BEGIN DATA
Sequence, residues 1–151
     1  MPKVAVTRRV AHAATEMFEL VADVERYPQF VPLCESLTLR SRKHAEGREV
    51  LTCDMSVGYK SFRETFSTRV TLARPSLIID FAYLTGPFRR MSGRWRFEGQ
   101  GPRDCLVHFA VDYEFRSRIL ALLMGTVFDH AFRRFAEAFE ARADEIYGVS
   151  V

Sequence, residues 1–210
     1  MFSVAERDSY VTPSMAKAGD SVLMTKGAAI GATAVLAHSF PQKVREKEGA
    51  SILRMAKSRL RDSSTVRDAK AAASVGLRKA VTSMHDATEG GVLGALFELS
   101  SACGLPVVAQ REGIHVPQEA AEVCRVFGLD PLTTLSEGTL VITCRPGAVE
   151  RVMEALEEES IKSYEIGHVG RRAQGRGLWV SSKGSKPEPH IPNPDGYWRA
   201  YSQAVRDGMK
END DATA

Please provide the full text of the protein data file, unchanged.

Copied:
Sequence, residues 1–151
     1  MPKVAVTRRV AHAATEMFEL VADVERYPQF VPLCESLTLR SRKHAEGREV
    51  LTCDMSVGYK SFRETFSTRV TLARPSLIID FAYLTGPFRR MSGRWRFEGQ
   101  GPRDCLVHFA VDYEFRSRIL ALLMGTVFDH AFRRFAEAFE ARADEIYGVS
   151  V

Sequence, residues 1–210
     1  MFSVAERDSY VTPSMAKAGD SVLMTKGAAI GATAVLAHSF PQKVREKEGA
    51  SILRMAKSRL RDSSTVRDAK AAASVGLRKA VTSMHDATEG GVLGALFELS
   101  SACGLPVVAQ REGIHVPQEA AEVCRVFGLD PLTTLSEGTL VITCRPGAVE
   151  RVMEALEEES IKSYEIGHVG RRAQGRGLWV SSKGSKPEPH IPNPDGYWRA
   201  YSQAVRDGMK